While he called negotiations a "work in progress," Hanover Park Mayor Rodney Craig said Tuesday he's optimistic the village will reach a deal with a developer who wants to buy a troubled strip mall on Barrington Road.
"We're getting close," Craig said of talks to sell Hanover Square.
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The Chicago-area developer has experience revitalizing shopping centers, Craig said. He declined to identify the developer and officials will not reveal the potential selling price.
The developer has not pitched formal plans, but has expressed interest in applying for Cook County property tax breaks, an incentive that Craig said he supports.
"Negotiations go back and forth, back and forth," he said. "But I'm optimistic that we'll reach some sort of understanding and sale of the shopping center."
The village bought the vacancy-riddled property for $2.8 million in 2011. Craig said Hanover Park has boosted the value of the roughly 10-acre site with improvements to the mall's roof and utilities. Crews also demolished a shuttered, stand-alone restaurant.
But Craig has long said the village isn't in the business of running shopping centers. Since the purchase, the village has landed only a handful of new tenants, most notably the Education and Work Center.
The Harper College and Elgin Community College facility will officially debut Aug. 21. The 10,000-square-foot space will hold free, general education classes for adults, job training and other services.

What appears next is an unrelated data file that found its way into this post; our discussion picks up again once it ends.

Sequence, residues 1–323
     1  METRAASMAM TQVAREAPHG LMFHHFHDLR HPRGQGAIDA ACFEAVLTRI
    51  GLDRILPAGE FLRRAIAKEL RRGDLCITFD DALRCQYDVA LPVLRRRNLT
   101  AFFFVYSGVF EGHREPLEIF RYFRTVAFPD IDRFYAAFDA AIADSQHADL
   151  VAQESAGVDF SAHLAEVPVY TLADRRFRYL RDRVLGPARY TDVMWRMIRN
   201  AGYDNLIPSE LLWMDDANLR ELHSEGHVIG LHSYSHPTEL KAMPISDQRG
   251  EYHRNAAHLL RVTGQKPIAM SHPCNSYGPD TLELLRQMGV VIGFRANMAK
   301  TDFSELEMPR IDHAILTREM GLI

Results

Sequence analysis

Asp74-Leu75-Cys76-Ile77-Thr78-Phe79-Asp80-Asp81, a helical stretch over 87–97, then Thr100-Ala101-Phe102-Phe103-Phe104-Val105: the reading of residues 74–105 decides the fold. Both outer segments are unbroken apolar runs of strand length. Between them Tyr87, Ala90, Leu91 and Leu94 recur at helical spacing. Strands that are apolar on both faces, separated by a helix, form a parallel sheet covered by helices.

The more than 40-year-old shopping center includes 113,740 square feet of leasable space spread across two buildings.
Hoping to jump-start efforts to return the property to the private sector, the village put out a request for proposals more than six months ago, asking developers to get back to them by mid-March with plans to buy and revitalize the site.
Only two developers stepped forward, one of which the village has already rejected.
As for the remaining offer, one issue on the bargaining table focuses on who will pay for a new facade -- a project that could cost an estimated $1.5 million -- for the aging mall, seen by tens of thousands of drivers each day just north of Barrington Road and Lake Street.
"My hope is that the new owners can be a part of that," Craig said. "They can do that in a more cost-effective manner than the municipality."
He also said the developer has lined up a prospective tenant for a "big piece" of the mall.
A Chicago-based retail consultant is working with the village to study the proposal's viability.
"I don't want to lose money selling the center," Craig said.